These new Sensations product ranges are the result of paying close attention to trends in the food and drink space, anticipating what consumers will want to eat and drink years down the line.

Walkers and Sensations may be something of a flagship PepsiCo snack, but healthier offerings have been paying the company dividends in recent times. PepsiCo now derives around 45% of its revenue from what it calls ‘Guilt Free Products’, including low-salt snacks and beverages with fewer than 70 calories.

“Health is one of our key trends,” says Butterworth, “and within our portfolio we have a nutrition team, something which I sit in, which looks into what nutrition consumers are demanding and how we can produce products that contain these nutrients and food groups.

“We apply this with other trends we are tracking, such as a general reduction in spare cash among consumers and a decreasing amount of time being spent on preparing and eating food. In places like London, it is becoming more common for people to live in smaller apartments, so this has to factor in as well.”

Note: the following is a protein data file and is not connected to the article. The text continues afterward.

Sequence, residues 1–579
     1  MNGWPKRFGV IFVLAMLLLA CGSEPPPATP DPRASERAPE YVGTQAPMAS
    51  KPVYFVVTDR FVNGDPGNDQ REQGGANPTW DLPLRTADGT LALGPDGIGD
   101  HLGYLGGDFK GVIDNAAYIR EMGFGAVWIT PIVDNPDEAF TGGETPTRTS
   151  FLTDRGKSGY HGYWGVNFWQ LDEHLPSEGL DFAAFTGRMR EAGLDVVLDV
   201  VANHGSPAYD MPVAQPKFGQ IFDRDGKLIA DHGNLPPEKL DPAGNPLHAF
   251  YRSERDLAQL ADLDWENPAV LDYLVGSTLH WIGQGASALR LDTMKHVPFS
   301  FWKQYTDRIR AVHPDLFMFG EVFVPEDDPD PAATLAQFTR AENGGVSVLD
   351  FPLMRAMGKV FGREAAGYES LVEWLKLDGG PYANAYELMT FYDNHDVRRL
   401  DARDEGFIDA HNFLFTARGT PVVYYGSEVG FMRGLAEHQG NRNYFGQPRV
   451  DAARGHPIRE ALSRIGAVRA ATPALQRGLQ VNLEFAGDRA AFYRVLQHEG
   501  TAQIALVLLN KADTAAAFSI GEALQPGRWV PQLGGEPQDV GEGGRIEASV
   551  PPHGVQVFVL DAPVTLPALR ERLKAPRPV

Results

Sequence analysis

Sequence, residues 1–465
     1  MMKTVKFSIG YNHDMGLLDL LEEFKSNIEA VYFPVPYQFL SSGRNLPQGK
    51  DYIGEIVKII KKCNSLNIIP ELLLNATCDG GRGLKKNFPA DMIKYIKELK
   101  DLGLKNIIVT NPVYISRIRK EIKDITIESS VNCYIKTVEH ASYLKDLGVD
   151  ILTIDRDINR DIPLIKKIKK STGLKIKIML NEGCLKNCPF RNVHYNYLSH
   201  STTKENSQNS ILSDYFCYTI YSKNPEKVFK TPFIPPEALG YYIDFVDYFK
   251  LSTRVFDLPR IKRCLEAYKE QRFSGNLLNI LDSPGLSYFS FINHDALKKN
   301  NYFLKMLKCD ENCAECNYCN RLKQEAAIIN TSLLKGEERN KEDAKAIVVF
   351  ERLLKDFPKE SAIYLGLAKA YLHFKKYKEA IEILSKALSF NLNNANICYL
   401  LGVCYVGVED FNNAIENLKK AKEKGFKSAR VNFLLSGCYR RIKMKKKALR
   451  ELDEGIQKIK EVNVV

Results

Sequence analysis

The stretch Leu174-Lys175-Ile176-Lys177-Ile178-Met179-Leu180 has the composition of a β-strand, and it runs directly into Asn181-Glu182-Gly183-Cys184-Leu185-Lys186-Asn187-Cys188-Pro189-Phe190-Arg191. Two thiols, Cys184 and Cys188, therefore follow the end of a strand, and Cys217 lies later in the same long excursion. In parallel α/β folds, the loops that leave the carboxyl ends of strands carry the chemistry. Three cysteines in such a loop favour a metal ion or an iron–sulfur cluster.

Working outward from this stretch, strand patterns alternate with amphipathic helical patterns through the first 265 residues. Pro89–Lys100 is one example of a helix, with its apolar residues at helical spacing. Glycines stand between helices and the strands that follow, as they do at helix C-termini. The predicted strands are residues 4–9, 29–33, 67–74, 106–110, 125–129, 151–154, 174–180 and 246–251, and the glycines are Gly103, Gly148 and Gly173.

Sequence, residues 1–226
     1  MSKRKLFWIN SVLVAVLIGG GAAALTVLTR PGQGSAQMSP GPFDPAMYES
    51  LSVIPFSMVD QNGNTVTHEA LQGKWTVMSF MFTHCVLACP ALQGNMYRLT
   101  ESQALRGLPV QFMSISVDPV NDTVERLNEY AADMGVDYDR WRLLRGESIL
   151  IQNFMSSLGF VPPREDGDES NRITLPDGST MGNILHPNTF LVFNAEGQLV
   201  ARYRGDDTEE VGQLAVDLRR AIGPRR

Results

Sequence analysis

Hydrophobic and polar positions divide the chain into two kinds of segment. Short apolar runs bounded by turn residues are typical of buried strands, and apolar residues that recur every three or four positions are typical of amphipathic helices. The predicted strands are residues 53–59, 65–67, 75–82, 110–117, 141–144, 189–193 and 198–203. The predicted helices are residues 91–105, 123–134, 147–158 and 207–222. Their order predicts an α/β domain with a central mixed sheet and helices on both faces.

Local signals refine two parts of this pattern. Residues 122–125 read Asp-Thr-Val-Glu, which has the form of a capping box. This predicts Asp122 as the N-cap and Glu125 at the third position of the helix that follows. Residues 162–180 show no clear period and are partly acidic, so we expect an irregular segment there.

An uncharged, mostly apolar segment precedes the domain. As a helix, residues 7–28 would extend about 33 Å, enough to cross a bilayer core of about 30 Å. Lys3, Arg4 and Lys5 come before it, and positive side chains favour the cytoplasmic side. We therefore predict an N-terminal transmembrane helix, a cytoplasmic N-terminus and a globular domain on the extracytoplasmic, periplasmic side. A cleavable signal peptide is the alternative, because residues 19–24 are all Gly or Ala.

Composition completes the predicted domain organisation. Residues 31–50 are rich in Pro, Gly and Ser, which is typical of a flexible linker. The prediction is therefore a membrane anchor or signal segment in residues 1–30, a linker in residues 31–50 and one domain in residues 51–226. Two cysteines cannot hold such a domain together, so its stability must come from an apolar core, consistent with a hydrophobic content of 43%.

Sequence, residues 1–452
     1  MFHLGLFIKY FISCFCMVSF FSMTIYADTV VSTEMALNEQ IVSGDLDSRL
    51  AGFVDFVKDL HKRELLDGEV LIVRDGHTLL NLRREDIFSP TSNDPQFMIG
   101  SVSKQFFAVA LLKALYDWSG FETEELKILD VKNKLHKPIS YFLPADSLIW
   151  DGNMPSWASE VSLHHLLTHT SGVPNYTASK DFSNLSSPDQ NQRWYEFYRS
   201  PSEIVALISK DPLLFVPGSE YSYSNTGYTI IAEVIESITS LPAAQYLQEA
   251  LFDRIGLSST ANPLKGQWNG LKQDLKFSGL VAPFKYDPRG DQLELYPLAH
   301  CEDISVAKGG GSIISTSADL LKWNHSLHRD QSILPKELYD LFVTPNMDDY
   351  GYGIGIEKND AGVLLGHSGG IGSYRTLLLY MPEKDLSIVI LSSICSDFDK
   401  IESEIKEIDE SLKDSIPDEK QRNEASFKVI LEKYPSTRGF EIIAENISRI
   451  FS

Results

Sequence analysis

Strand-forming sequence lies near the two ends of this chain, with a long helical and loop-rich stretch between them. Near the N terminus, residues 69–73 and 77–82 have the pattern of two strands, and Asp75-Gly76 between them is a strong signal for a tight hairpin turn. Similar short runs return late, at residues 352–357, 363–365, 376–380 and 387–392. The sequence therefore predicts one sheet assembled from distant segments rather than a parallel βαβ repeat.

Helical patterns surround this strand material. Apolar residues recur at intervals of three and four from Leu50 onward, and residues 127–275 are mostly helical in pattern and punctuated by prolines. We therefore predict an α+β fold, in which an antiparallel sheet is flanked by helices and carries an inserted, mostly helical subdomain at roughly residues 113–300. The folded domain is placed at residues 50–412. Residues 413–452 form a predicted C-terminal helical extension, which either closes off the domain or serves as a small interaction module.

A big health and lifestyle-related focus for Butterworth and Pepsi’s grains division is breakfast. Despite being readily acknowledged by consumers as the most important meal of the day, statistics point towards a downturn in people eating breakfast daily.

“People are skipping breakfast and commenting that the quick grab choices out there either are not fresh and healthy enough or too expensive,” Butterworth observes. “Do you compromise on freshness, nutrition, price or time?”

Pepsi and Quaker are attempting to find the perfect answer to this conundrum, whether this be through its recently-launched fruit and oat squeeze, porridge to go bar or future innovations yet to be revealed.

For Butterworth, being in a position to positively impact the health and lifestyle of consumers for the better is a key motivator. She concludes: “We are a big business and responsible for a lot of brands, so we can in turn make a big difference to the way people eat. For me, I am completely engaged and excited to be part of that.”